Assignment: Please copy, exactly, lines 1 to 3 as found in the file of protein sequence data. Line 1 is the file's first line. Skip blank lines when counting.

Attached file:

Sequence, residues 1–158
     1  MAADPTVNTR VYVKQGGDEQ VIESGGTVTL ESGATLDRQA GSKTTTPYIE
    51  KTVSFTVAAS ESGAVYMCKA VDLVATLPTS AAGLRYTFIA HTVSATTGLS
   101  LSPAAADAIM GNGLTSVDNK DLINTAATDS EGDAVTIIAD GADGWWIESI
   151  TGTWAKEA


Sequence, residues 1–158
     1  MAADPTVNTR VYVKQGGDEQ VIESGGTVTL ESGATLDRQA GSKTTTPYIE
    51  KTVSFTVAAS ESGAVYMCKA VDLVATLPTS AAGLRYTFIA HTVSATTGLS